Store logo signOpening of J Crew Store in Regent Street, London, Britain - 08 Nov 2013

J. Crew is out to create a “new American style.”

That’s how Jim Brett, chief executive officer of the J. Crew Group, on Tuesday characterized the essence of the upcoming relaunch of the J. Crew brand, just after the company reported that it narrowed its losses in the second quarter due to sustained steady growth at Madewell and improvement at J. Crew.

The J. Crew brand has been struggling for several seasons, but last quarter hit a “watershed” mark by returning to positive comp sales growth for the first time in four years, Brett said.

The second-quarter loss shrunk to $6.1 million compared with $18.5 million in the year-ago period, while operating income rose to $33.3 million compared with $4.8 million in the second quarter last year.

The company said this year’s second quarter reflects a benefit from a lease termination payment related to relocating the corporate office from Greenwich Village to lower Manhattan, and transformation costs.

Total revenues increased 3 percent to $587.6 million. Comparable sales increased 5 percent. By brand, J. Crew sales decreased 5 percent to $428.9 million, but rose 1 percent on a comparable basis.

As expected, the Madewell division did much better, with sales up 29 percent to $121.7 million and comparable sales increasing 28 percent.

Brett’s goal for Madewell: make it a $1 billion brand. Madewell men’s wear will launch soon. “We expect Madewell to be the leading premium denim brand in the world,” Brett said.

The relaunch of the J. Crew brand is set for Sept. 10. “The focus is on classic, enduring American style reflected with a few key aesthetics,” Brett said during a conference call.

New subbrands will arrive reflecting different aesthetics such as New England prep; relaxed natural and soft-muted colors of the West Coast, and a new value equation with a “youthful spirit” at the J. Crew Mercantile value division.

In addition, there will be “a bolder expression of fashion in a newly designed J. Crew Collection,” Brett said. “Color will return, with a breadth of fits, sizes and proportions and good, better, best prices.”

He expressed the group’s need to become “world-class listeners” to better understand customers. J. Crew should cater to “individual style” and is building “user-generated content with the hashtag “#meetmycrew.”

“To express one’s style, you don’t need to carry every trend and aesthetic,” Brett said.

In citing J. Crew Group’s “aggressive strategic growth agenda,” Brett said he sees “bottom-line profitability in the coming year; that a third of total assortment will be offered in extended sizes in the third quarter; that wholesaling J. Crew and Madewell to Nordstrom continues to grow and the distribution is widening to other large retailers around the world including Hudson’s Bay Co., Liverpool, Galeria Kaufhof, John Lewis and Galeries Lafayette, among others.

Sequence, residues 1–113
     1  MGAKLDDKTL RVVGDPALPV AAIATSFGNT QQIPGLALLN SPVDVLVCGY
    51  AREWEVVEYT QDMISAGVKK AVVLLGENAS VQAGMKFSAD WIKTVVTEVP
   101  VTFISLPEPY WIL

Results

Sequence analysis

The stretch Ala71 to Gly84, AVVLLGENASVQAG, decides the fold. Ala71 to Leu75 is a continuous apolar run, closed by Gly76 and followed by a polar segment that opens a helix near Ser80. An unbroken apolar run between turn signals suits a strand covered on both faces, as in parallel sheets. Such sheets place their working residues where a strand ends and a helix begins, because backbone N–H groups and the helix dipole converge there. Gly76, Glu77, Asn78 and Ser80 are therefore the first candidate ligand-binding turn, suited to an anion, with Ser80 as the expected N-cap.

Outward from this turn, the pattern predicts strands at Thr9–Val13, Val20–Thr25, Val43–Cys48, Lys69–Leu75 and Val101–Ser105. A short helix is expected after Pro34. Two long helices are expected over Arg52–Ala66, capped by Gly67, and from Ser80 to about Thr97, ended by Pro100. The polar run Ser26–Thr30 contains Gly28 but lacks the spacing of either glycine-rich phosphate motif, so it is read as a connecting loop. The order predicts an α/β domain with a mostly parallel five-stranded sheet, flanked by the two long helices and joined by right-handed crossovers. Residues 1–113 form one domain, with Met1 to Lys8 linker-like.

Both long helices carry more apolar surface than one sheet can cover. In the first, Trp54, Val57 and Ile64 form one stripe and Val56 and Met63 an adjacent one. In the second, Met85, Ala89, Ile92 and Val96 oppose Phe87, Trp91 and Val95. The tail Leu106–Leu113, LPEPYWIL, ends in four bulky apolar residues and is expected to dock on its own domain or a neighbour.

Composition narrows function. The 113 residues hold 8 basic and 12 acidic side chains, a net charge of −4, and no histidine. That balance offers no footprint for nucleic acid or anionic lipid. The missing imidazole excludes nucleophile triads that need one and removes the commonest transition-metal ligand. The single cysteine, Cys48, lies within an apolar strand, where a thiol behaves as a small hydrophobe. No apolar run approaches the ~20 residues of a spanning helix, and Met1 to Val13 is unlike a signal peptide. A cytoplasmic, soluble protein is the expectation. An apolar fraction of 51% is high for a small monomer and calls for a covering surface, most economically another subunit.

Additionally, franchise partnerships are being formed including in the Middle East and Asia.

“All of our brands will be purpose-driven with the goal of representing unity and diversity,” Brett said, explaining how the company has adopted a “purpose-driven model” revolving around “dignity, sustainability and advocacy.” Among the activities, encouraging recycling clothes and supporting the Girls Inc. and Charity: Water organizations.

Touching on brick-and-mortar, Brett, who succeeded Mickey Drexler as ceo a year ago, said, “We continue to rationalize our fleet but will opportunistically test concepts,” such as the new J. Crew men’s store in the DUMBO section of Brooklyn and the Madewell Commons store in Austin, Tex., which “embraces local culture and activities.”

Other turnaround efforts have revolved around expense-cutting, increased digital penetration, sourcing changes involving cost negotiations and emphasizing its most iconic J. Crew products such as rugby shirts and roll-neck sweaters.

“As we report an acceleration in comparable sales growth for the company to 5 percent, we also celebrate a watershed moment as we return to positive comparable growth in our J. Crew brand for the first time in four years and continued stellar performance at Madewell with 28 percent comparable sales growth — which we believe puts Madewell solidly on a path to becoming a $1 billion brand,” Brett said in a statement.

“Achieving these results prior to our planned Sept. 10 launch of the ‘New Crew’ is a reflection of the foundation that has been built over the last year,” Brett added. “Our financial results reflect revenue growth, continued expansion in gross margin and a marked shift in expense from significant costs last year that were needed to restructure our business, to planned investments this year in support of our aggressive strategic growth agenda — which we expect will allow us to scale the business and return to bottom line net profitability in the coming year.”